Metaphors We Learn to Program By

I’m working through Metaphors We Live By, an exploration of the role of metaphor in human cognition and language. The central theme of the book is:

[..] human thought processes are largely metaphorical. [..] Metaphors as linguistic expressions are possible precisely because there are metaphors in a person’s conceptual system.

They provide examples of conceptual metaphors which ground our experience– ARGUMENT IS WAR, HAPPY IS UP, THEORIES ARE BUILDINGS– and examples from everyday language to support the theory. They note:

Most of our fundamental concepts are organized in terms of one or more spatialization metaphors.

And in particular, CONTAINERS and PERSONIFICATION fundamentally ground our experience. Containers because:

We are physical beings, bounded and set off from the rest of the world by the surface of our skins, and we experience the rest of the world as outside us. Each of us is a container, with a bounding surface and an in-out orientation. We project our own in-out orientation onto other physical objects that are bounded by surfaces. Thus we also view them as containers with an inside and an outside. [..] But even where there is no natural physical boundary that can be viewed as defining a container, we impose boundaries—marking off territory so that it has an inside and a bounding surface—whether a wall, a fence, or an abstract line or plane. There are few human instincts more basic than territoriality.

This primacy of CONTAINERS and PERSONIFICATION reminded me of my earlier post’s “little man” analogy– telling a little man how to run around your computer moving variously shaped objects in & out of containers for me captures a curiously large amount of what this activity we call ‘programming’ is about.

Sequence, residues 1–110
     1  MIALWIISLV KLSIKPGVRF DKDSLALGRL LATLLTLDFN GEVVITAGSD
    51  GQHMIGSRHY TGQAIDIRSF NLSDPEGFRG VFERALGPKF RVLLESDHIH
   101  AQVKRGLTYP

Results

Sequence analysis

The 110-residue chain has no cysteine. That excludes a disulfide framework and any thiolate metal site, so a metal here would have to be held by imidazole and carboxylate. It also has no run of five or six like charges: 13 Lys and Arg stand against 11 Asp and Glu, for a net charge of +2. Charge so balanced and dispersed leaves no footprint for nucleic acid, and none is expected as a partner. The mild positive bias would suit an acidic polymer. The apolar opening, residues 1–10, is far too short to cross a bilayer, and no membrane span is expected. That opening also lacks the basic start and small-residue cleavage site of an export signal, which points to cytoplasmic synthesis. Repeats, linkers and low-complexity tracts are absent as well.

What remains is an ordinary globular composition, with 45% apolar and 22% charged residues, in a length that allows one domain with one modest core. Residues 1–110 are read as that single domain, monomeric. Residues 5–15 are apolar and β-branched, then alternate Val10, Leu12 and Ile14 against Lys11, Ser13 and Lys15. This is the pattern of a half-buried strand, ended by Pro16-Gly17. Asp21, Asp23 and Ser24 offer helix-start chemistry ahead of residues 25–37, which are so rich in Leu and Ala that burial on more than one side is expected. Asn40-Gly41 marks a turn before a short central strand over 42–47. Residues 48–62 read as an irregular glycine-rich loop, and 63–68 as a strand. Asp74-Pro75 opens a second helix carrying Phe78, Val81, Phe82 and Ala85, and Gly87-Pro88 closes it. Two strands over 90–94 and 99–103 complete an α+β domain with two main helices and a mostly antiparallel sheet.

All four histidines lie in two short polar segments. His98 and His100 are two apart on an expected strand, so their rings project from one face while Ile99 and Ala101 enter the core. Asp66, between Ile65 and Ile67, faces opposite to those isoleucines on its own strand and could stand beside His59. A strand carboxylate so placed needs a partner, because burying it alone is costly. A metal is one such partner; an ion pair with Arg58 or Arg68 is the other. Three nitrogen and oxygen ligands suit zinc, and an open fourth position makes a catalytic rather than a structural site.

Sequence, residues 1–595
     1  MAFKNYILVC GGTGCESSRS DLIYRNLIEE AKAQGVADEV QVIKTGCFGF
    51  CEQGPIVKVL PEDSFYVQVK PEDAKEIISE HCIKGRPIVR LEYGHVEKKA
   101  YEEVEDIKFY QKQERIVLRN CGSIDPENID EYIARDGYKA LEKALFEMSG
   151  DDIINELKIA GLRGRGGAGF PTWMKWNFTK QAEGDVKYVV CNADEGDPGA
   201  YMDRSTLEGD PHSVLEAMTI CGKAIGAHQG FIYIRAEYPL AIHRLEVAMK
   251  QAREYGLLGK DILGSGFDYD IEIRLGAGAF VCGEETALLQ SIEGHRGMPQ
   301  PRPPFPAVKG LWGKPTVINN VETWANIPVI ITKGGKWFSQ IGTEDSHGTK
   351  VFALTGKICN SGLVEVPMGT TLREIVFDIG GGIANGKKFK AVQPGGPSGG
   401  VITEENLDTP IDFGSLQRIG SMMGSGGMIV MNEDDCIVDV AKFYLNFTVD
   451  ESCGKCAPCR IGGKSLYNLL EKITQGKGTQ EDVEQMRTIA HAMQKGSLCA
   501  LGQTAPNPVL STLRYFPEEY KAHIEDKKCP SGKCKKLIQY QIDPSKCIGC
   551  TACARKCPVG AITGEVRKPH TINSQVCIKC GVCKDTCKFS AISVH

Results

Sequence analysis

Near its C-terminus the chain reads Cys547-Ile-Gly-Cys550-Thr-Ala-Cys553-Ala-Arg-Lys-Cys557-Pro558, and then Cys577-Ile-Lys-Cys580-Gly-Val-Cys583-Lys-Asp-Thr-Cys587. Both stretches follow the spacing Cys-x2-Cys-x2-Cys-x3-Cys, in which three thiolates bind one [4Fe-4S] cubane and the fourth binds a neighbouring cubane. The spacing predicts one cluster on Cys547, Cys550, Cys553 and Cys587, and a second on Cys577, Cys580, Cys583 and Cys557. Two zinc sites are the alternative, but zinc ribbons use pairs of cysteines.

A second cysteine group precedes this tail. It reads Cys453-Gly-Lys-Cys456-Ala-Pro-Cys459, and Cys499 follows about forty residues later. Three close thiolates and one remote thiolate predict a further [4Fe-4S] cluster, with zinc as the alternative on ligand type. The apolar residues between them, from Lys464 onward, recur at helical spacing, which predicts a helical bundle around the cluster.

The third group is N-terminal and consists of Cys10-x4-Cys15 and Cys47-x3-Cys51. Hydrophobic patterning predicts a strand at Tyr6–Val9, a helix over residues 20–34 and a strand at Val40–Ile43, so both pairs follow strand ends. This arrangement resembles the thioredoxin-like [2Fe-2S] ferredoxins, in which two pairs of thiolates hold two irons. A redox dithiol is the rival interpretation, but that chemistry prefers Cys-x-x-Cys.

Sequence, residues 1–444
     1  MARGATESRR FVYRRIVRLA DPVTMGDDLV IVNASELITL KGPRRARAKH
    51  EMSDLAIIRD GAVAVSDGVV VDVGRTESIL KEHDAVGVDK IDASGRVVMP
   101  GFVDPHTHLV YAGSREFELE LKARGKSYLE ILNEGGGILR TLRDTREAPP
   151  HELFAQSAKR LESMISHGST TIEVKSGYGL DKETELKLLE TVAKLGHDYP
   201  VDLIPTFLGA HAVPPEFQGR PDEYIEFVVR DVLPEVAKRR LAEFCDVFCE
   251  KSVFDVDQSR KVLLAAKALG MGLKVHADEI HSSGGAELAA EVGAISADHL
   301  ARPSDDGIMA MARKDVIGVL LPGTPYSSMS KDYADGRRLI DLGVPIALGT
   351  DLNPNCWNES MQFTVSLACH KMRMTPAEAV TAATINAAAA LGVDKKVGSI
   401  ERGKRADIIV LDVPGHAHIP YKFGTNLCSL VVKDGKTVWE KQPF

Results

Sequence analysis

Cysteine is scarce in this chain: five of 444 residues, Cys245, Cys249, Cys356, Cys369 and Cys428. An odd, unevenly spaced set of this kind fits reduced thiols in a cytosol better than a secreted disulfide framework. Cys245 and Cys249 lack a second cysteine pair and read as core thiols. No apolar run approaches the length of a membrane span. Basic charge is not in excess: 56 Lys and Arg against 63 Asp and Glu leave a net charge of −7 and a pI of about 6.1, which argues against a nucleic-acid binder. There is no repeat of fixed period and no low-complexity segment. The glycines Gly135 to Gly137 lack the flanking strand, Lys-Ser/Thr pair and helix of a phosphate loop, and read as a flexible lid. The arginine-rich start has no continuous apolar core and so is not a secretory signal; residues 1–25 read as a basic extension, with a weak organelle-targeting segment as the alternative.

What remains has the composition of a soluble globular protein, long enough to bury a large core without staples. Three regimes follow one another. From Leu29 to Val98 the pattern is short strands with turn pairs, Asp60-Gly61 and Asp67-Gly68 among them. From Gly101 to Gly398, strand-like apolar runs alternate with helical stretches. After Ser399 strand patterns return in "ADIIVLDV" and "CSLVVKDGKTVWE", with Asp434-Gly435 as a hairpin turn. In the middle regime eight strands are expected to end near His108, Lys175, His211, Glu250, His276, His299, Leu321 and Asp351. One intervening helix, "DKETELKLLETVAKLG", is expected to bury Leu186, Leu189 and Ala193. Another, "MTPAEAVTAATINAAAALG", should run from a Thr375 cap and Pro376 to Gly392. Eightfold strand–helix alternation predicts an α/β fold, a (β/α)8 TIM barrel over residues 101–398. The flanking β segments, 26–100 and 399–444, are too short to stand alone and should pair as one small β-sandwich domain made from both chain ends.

The basic physical metaphors 📦🏃‍♂️

Most common data structures obviously fit into the CONTAINER metaphor because they’re, well, containers. I find it useful to imagine them spatially:

  • A map or dictionary is an old school wall of post-office boxes with labels on the drawers. The labels on the boxes are the keys, and whatever is contained within the box is the value.1
  • A linked list is a row of boxes on a conveyer belt which can only go forward. (Doubly linked lists let me convey the boxes forward & backwards.)
  • A binary tree is a box with two drawers, which opens into a box with two drawers, which opens into…

Of course I’m not saying I visualize a conveyer belt when walking a linked list. What I want to emphasize is the sense in which, reading code can translate into a physical, kinetic feeling. I posit the degree to which I can effectively use a data structure is related to how strong this kinetic sense of it is.

Another metaphor I typically employ to help with that kinetic sense of things is one in which there is a “person moving about space”. For example:

  • Database cursors represent a person gathering a stack of records
  • The instruction pointer represents a person reading the code line-by-line & interpreting it
  • A loop counter or iterable represents a person holding a place in a rolodex, list, or other structure, perhaps by pointing with their index finger.

All of these are people systematically scanning over some contained information, keeping track of their place, and perhaps manipulating whatever has been put within their grasp. There’s no obvious reason to conceive of these as a person– it’s just an abstract arrow moving thru space and/or time– but it feels natural to personify it, especially when debugging, so I can step inside their shoes and tell the little person where s/he made a wrong turn.

… think about how much of your daily coding can be encompassed by those two metaphors!

Non-physical metaphors 📝

There are programming constructs which don’t to me have obvious physical analogs– interfaces, types, protocols, recursion– but I want to highlight language syntax. Unlike the others, learning most programming environment’s syntax is a pre-requisite to using it at all, but can also be a significant stumbling block. Scratch and other block-based programming environments are explicitly designed to overcome this difficulty with syntax– and they succeed by replacing it with a CONTAINER metaphor! Replacing formal language– acquired only with great effort well after our physical senses– in this way seems a stroke of pedagogical genius.

Metaphors of delegation 🗣